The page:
April 14, 2013
Summary: Claudia and Artie are at a convenience store, debating what kind of junk food to get. A man comes in, pulls a gun on the cashier, and robs him. The kids hide and stay quiet but see the whole thing. At the restaurant, Charlie’s coworker/old college friend Dudley complains to him about his ex/neighbor, who just moved out of her apartment. Charlie wants to move in. Kirsten calls and Dudley flirts with her, because he’s that guy.
A police officer talks to Claudia and Artie at the Salingers’ house, but neither kid can agree on a description of the robber. Artie’s a little too excited about being involved in a police investigation. At school, Jill tells Bailey that she’s helping to run a dance marathon. He thinks it’ll be too much for her to handle so soon after she’s started rehab. Jill notes that her doctor says it would be good for her to get involved in school activities.
Julia tries to convince Justin to do the marathon with her, realizing that they’ve never danced together. She also realizes that it’s because he can’t dance. Bailey and Jill hang out, and he again says that he thinks she’s doing too much by helping with the marathon. He makes the good point that it’s probably not the best idea for her to stay awake for 36 hours. Jill accuses him of being unsupportive. He wants to make things up to her with sex, but Jill’s doctor has advised her to stop using sex to solve her problems.
Justin and Julia practice dancing in the Salingers’ backyard, and he makes a move toward getting her naked. Charlie and Kirsten look at an apartment, though she thinks it’s a bad idea for him to move out. He thinks the kids can take care of themselves, and he’ll look in on them every day. He starts packing at home, making Claudia sad. The police want Claudia to come look at someone in a lineup, but Charlie has Bailey take her, because he can’t be bothered. The lineup doesn’t produce the culprit.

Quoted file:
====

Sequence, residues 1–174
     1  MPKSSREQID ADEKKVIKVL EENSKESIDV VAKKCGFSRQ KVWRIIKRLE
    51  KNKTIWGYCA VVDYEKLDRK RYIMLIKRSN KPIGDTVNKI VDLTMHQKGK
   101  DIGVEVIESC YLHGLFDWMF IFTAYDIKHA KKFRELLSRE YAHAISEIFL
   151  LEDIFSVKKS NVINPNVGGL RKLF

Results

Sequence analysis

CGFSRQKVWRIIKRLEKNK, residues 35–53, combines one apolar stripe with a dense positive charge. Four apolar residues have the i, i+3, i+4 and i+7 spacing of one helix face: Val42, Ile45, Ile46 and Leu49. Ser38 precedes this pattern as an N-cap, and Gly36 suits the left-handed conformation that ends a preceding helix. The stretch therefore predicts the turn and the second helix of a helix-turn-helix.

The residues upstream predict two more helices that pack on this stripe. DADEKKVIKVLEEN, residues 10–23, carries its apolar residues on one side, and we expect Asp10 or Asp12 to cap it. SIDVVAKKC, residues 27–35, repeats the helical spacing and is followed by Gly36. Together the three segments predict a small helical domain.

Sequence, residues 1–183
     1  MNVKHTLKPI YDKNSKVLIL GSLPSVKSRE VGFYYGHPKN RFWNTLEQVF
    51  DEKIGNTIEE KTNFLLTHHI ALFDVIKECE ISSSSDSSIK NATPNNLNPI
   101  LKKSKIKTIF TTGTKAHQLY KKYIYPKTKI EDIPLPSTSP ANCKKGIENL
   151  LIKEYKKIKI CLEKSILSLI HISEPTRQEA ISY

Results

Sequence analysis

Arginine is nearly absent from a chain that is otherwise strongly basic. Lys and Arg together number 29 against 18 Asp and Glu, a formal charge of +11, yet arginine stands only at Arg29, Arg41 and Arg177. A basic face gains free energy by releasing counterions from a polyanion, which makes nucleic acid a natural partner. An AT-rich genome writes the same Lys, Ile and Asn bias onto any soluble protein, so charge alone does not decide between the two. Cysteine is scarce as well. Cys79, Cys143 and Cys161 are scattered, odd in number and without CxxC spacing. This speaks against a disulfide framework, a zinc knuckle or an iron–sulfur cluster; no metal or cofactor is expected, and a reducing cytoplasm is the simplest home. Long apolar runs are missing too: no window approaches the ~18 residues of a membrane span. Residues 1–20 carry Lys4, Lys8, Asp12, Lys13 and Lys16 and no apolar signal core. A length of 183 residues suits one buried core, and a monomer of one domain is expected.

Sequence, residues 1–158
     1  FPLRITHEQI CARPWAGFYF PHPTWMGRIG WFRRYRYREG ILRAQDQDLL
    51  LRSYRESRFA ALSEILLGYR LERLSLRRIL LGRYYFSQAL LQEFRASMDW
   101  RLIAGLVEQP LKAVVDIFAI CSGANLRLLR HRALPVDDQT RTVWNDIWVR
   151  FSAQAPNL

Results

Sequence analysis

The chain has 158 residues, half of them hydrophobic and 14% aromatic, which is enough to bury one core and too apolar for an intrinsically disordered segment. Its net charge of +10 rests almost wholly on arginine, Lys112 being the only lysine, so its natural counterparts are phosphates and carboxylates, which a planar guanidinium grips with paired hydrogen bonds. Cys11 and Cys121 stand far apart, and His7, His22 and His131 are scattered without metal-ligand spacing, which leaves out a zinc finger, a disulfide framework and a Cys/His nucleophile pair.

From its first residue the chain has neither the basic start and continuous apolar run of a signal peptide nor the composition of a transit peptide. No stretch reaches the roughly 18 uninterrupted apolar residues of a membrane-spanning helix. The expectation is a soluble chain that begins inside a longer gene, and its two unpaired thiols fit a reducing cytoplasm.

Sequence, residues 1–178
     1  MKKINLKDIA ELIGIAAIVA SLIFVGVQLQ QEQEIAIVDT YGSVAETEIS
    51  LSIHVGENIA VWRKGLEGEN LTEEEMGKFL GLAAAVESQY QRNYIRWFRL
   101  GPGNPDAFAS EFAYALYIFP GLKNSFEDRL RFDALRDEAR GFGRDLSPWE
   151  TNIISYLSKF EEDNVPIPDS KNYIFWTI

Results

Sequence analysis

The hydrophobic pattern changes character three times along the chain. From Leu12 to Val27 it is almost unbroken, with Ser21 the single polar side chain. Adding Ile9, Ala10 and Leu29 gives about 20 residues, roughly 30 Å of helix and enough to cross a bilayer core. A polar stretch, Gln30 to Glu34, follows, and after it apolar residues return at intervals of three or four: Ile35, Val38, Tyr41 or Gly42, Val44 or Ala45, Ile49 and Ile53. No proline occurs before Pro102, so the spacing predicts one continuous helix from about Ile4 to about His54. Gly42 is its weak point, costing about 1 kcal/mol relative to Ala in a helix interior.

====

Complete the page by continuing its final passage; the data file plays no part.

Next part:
Bailey then heads to the marathon and helps out, since Jill doesn’t have all of the details nailed down. Julia and Justin flirt and goof around before things start, then spend the dancing hours kissing. Charlie and Kirsten go to a party at Dudley’s, boring me. Back at the marathon, Will has a great time with his date, a cheerleader Bailey didn’t think he’d be able to get to go with him. Jill gets in trouble because someone spiked the punchbowl, but Bailey takes the blame. She doesn’t appreciate it.
The dancers get a five-minute break, and Justin gives Julia his wallet so they can get some food. She finds a condom inside. Dudley invites Charlie and Kirsten out on a houseboat trip, which Kirsten is extremely unexcited about. Charlie wants to go, despite the fact that sailing and drinking for three days isn’t his kind of thing. Kirsten wants to leave the party, but Charlie won’t leave with her.
Alone at home, Claudia has a nightmare. When Charlie gets back, she’s in his bed with Kirsten. Kirsten chastise Charlie for staying out so late; he grumps that she should have stayed, but she’s glad she was home to comfort Claudia. Charlie thinks he can have an active social life while still looking after his siblings. His solution to Claudia’s angst is to get a new lock for the front door and bolt the windows.
Artie shows up to announce that the robber was caught. He’s disappointed because there won’t be a trial, so he won’t get to testify. Claudia’s just relieved that the robber is behind bars. Julia congratulates Jill on a successful marathon, then asks how many guys she thinks carry condoms in their wallets. “How many guys do you think are having sex?” Jill replies. (All of them, Julia. All of them.)
Will and his dance partner get disqualified for making out instead of dancing. “My tongue was moving! That counts!” he argues. Bailey remarks to a chaperone that the marathon is starting to remind him of a movie he once saw: Carrie. It’s hour 18, and Jill is starting to fall apart. The chaperone suggests that they end the marathon at 24 hours instead of 36. Julia’s starting to get uncomfortable being with Justin, and she suggests that they quit. He doesn’t get what’s wrong with her.